Form April 2018, 108,000 household accounts and 9,500 businesses in Jurong Singapore have the option to buy electricity from a retailer of their choice, or continue buying electricity from SP Group at a Regulated Tariff. Jurong is selected as an initial phase prior to a Full Retail Competition later this year. We predict that it will be an overwhelming success.

Non-Contestable Consumers and Vesting Contracts

Retail customers are the last group of Non-Contestable Consumers: customers who can only buy electricity at a Regulated Tariff. This Regulated Tariff relates much more to the Vesting Contract Price than the market price of electricity or the Wholesale Electricity Price (WEP). During the last 5 years the Vesting Contract Price, and therefore the Regulated Tariff, has been significantly higher than the WEP (with the exception of July 2015).

Figure: Regulated Tariff Energy Costs vs WEP

In the last 5 years, Singaporean Consumers paid over 3.5 Billion SGD to the Vesting Contracts on top of the wholesale costs of electricity. Almost all of this is charged onto the Non-Contestable Consumers as part of the Regulated Tariff. The Vesting Contracts were never intended to be a support-line for a loss-making Power Generation Sector Crushed by Massive Overcapacity. But the introduction of the LNG Vesting Scheme has turned the Vesting Contracts in just that.

The LNG Vesting Scheme was launched to provide for an incentive to build new CCGT power generation plants fuelled by re-gasified LNG. The new plants contributed to an overcapacity which pushed Generation Sector in unsustainable losses. The LNG Vesting Scheme provides for some relieve for the generators, but is almost solely paid for by Non-Contestable Consumers.

When Retail Customers become Contestable Consumers…

Retail consumers can now become Contestable Consumers. They can ‘escape’ from the consistent overpayment of electricity over and beyond the WEP. While most of the Vesting Contract payments are allocated to the Non-Contestable Consumers, the Contestable Consumers pay only a very small part of it. (As the pool of Non-Contestable Consumers reduces, this share will start to increase). Also, Vesting Contract payments are allocated proportionally to all Contestable Consumers, including large businesses and industries. This means a significant reduction to a retail costumer’s electricity bill.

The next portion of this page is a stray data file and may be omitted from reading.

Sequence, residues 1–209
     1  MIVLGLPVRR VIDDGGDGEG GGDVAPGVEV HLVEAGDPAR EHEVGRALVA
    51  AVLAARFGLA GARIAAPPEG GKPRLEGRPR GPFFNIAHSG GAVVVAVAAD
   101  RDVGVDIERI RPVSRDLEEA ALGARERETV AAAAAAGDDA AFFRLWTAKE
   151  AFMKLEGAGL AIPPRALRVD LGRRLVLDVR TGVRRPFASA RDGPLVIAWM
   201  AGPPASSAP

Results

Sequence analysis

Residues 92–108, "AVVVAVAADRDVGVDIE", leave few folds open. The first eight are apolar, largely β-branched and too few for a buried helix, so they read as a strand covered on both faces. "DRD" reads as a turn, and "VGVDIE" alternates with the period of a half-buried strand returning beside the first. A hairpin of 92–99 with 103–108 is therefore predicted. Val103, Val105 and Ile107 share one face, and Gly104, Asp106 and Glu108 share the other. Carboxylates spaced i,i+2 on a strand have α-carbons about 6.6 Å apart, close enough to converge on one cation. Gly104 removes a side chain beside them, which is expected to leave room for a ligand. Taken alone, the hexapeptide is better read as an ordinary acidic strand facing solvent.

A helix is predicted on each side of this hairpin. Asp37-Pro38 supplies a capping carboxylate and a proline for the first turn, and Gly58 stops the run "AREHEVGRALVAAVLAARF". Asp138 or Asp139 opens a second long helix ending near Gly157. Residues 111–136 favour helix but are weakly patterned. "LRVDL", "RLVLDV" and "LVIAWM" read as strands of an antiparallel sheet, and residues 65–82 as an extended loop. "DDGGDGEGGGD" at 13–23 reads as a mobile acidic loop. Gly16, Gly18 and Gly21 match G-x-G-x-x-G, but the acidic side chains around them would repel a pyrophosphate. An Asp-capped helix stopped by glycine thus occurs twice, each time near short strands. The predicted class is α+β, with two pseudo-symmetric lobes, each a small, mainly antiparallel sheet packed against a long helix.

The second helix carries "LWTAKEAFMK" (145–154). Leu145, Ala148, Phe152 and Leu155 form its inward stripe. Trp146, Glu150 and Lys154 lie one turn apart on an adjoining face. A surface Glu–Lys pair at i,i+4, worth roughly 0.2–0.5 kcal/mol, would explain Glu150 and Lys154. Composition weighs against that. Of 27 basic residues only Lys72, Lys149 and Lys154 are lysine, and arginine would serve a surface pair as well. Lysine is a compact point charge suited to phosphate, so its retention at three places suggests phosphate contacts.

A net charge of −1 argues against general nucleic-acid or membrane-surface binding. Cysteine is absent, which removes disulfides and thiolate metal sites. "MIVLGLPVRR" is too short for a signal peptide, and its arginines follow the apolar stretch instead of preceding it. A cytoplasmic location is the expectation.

The only thing retail customers need to do to become Contestable Consumer, is to sign up with an new electricity supplier. Preferably a supplier who is forwarding most of the difference between the WEP and the Regulated Tariff Energy Cost to the customer.

Retail Competition and Electricity Retail Suppliers

In anticipation of the Full Retail Competition, a large number of electricity retail suppliers have emerged. EMA and SP Services have setup a website to help retail customers to choose a new supplier: Open Electricity Market. Suppliers list their offerings next to each other to provide for full pricing transparency. Fierce retail competition between the suppliers will force the them to forward as much of the benefits to the consumers as possible.

Retail customers who switch to a new supplier make substantial savings on their electricity bill. These savings do not affect the profitability of the Generation Sector, nor does it necessarily undermine the profit margin of retailing. They are paid for by all other existing Contestable Consumers, i.e. large businesses and industries. The Full Retail Competition is in fact a redistribution of the Vesting Contract payments currently paid by the Non-Contestable Consumers to existing Contestable Consumers. Last year alone the Non-Contestable Consumers contributed approximately SGD 650 million to the Vesting Contract payments.

When cheaper prices for retail customers are not the result of a squeeze of a supplier’s margin, it is not surprising that so many electricity retail suppliers want to be part of this redistribution.

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Martin J. van der Lugt

Martin works as an independent consultant for the energy industry. He gained wide ranged experience in the gas and power markets in Northwest Europe working for European and American energy companies and as an independent consultant. He has a particular interest in the developments of the Southeast Asian markets and is open to discus opportunities.

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